This is a small avocado, has delicate smooth green skin and a pointed. This variety will soften when ripe but unlike the ‘Hass’ variety, the skin WILL NOT change colour. It has an acorn-shaped pit embedded in rich, sticky flesh. A relative of the ‘Hass’, it has its obvious similarities in texture, but with a thicker almost gluey consistency.
Carambola (also known as Star Fruit) when cut in cross-section has the form of a star. It is oblong with 5- to 6-angled fruits, 6 – 15 cm long and up to 9 cm wide. It has a thin, waxy, orange-yellow skin and juicy, crisp, yellow flesh when fully ripe. The fruit can also be deep green and ripe.
Ripe carambolas are eaten out-of-hand, sliced and served in salads, or used as garnish on avocado or seafood. They are also cooked in puddings, tarts, stews and curries. In Malaya, they are often stewed with sugar and cloves, alone or combined with apples. The Chinese cook carambolas with fish. Thais boil the sliced green fruit with shrimp. Slightly underripe fruits are salted, pickled or made into jam or other preserves.
The custard apple is believed to be a native of the West Indies but it was carried in early times through Central America to southern Mexico. It has long been cultivated and naturalized as far south as Peru and Brazil. In Cuba, it is mamon or chirimoya. Some Central Americans give it the name anona, or anonillo. It is commonly grown in the warmer the tropical / subtropical climates of Australia.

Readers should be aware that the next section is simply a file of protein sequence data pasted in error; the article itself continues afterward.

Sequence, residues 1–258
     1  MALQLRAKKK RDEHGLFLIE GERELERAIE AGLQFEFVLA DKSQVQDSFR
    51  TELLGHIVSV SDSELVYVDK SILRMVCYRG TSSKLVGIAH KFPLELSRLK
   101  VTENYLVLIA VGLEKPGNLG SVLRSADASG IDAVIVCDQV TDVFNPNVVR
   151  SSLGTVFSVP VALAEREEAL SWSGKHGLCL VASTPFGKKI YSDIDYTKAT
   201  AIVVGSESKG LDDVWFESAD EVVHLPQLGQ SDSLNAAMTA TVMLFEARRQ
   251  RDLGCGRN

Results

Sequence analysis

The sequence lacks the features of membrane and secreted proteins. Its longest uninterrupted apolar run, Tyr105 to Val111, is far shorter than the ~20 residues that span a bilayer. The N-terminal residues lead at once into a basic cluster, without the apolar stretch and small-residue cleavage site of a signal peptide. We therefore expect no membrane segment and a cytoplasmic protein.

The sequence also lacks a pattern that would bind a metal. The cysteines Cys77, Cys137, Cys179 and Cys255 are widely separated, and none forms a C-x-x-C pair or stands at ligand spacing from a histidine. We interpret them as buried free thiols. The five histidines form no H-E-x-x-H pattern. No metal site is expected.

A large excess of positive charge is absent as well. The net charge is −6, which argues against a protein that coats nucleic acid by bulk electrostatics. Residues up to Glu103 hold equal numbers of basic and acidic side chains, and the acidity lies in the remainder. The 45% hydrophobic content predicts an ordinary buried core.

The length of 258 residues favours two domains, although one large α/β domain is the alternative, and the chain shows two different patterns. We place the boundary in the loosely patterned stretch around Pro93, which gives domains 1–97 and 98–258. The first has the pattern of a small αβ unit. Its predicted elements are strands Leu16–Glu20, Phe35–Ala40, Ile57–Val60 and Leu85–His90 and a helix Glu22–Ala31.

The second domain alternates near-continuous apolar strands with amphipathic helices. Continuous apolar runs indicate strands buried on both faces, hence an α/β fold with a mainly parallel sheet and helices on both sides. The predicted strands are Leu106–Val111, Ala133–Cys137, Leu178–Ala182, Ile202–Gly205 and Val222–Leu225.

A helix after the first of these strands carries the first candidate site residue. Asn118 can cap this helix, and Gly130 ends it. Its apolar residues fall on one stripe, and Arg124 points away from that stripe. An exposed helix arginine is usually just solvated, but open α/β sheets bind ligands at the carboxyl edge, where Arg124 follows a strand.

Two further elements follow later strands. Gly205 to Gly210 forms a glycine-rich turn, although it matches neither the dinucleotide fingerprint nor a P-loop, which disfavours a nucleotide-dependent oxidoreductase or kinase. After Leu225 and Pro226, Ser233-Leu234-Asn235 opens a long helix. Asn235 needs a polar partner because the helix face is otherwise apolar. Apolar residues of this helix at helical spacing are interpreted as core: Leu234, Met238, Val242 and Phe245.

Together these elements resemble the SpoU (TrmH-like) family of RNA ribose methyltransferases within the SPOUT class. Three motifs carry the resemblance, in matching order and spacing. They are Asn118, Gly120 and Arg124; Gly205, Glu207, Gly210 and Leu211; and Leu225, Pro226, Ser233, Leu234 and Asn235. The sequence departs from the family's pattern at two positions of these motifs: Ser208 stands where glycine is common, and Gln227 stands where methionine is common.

The two main varieties grown are:
Pinks Mammoth :- Which is more heart shaped and is sweet and creamy.
African Pride :- This has less carpuls (i.e. pumps on the skin) and typical has more seeds than the Pinks Mammoth.
The fruit is typically eaten out the hand and when fully ripe it is soft to the touch and the stem and attached core can be easily pulled out. The flesh may be scooped from the skin and eaten as is or served with light cream and a sprinkling of sugar. Often it is pressed through a sieve and added to milk shakes, custards or ice cream. I have made a delicious sauce for cake and puddings by blending the seeded flesh with mashed banana and a little cream.
The lychee is the most renowned of a group of edible fruits of the soapberry family and widely known as litchi. On the Tree the fruit is in pendent clusters of 2 to 30 are usually strawberry-red, sometimes rose, pinkish or amber, and some types tinged with green. Very aromatic, oval, heart-shaped or nearly round, about 2.5 cm wide and 4 cm long. It has a thin, leathery, rough skin that is easily peeled when fresh. The flesh is white to clear or pinkish fleshy deliciously juicy that resembles a luscious grape. The flavour of the flesh is subacid and distinctive.